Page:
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Hodan Nalayeh, Journalist and Founder of Integration TV, Has Been Killed In Hotel Attack In Somalia

Somali officials say Al-Shabab was behind the gunfire and bomb attack on a hotel in southern Somalia where journalists and politicians are among the dead.

Somali officials say there are several casualties resulting from a suicide bomb and gun attack by Al-Shabab in Kismayo, Somalia, Al-Jazeera reports.

According to authorities, a suicide bomber crashed a car loaded with explosives into The Medina—a popular hotel in the port city in the southern part of the country. Legislators and local elders were convening there to discuss an upcoming local election.

"The toll may increase since the attack is not over yet," Abdi Dhuhul, security official, tells AFP. He notes that among the dead are a former local administration minister, a legislator, as well as journalists and politicians.

Reuters adds that Hodan Nalayeh, TV journalist and founder of Integration TV, her husband Farid Jama Suleiman, former minister of commerce of Jubbaland Federal State and Mohamed Omar Sahal, SBC TV correspondent, are among those killed.


Nalayeh, who was also an honoree in OkayAfrica's 2019 100 Women list, was on a mission to show the world that African stories are not only nuanced, but valid—especially through the stories she cultivated on the ground utilizing social media in her dear country of Somalia.

Sharing a New Narrative youtu.be

She was a 13-year media and marketing vet, with American shows including American Idol and So You Think You Can Dance on her list of credits. Learn more about her story here.

The Somali community have gathered online to mourn those lost including the life of Nalayeh. Here are some of their reflections below.









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Photo by -/AFP via Getty Images

Sudan Declares State of Emergency, As Military Dissolves Transitional Government

As the North African country edged closer to democracy, Sudan's military has seized power.

Sudan's military has seized power over the North African country, arresting multiple civilian leaders, including the current Prime Minister Abdalla Hamdok. The power-sharing, unstable coalition, called the Sovereign Council, was created as a transitional government after the fall of dictator Omar al-Bashir in 2019, in an attempt to move towards a democratic Sudan.

The Sudanese public has been split in recent weeks as groups protested for a military-run state, while others pushed for a civilian lead, democratic nation. Last week, the Prime Minister vocalized his plans towards a full transition to civilian rule, and his plans to have that body in place by November 17, echoing the voices of thousands of Sudanese demonstrators who showed up in hoards to demand that the promise of Sudan's pro-democracy movement be honored. But on Monday the PM and multiple government ministers and officials were placed under arrest, resulting in Sudan's top general's declaring State of Emergency.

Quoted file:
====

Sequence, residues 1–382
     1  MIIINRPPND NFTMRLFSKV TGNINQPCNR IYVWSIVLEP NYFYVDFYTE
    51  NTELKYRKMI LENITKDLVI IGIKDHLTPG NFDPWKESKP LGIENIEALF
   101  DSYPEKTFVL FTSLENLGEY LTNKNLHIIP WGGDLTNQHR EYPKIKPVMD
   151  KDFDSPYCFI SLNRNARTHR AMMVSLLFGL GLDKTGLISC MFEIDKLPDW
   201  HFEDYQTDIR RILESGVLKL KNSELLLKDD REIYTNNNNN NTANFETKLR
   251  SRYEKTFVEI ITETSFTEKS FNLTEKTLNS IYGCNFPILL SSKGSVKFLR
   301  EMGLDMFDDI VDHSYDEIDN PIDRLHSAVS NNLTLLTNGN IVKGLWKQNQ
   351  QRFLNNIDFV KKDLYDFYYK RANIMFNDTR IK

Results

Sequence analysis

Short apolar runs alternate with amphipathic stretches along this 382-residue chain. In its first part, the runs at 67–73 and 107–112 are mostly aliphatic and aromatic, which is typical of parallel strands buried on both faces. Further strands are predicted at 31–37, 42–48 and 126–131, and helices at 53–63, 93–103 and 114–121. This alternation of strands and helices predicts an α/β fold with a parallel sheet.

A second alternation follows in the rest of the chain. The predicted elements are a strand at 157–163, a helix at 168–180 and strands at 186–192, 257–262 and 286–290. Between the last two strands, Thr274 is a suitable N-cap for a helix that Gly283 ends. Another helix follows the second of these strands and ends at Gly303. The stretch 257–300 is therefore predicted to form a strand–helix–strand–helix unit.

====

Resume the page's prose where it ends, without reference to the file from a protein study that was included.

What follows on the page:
General Abdel Fattah al-Burhan said in a televised statement, "To rectify the revolution's course, we have decided to declare a state of emergency nationwide… dissolve the transitional sovereign council, and dissolve the cabinet." His statement came as soldiers fired live rounds at anti-military protestors, outside of the army headquarters in the capital.

Internet services were cut across the country around dawn and the main roads and bridges into Khartoum shut, before soldiers stormed the headquarters of Sudan's state broadcaster in the capital's twin city of Omdurman, the ministry said. After months of rising tensions in the country, army and paramilitary troops have been deployed across the capital city, Khartoum, with the airports and internet access being shut down. As a result of the coup, hundreds of protestors have taken to the streets, demanding the return of a civilian ruled and the transitional government, the BBC reports.

Demonstrators have spread to a number of Sudanese cities including Atbara, Wad Madani, and Port Sudan, and more are expected to attend the call for action. "We will not leave the streets until the civilian government is back and the transition is back," protest attendee Sawsan Bashir told AFP. While demonstrator Haitham Mohamed says, "We are ready to give our lives for the democratic transition in Sudan."


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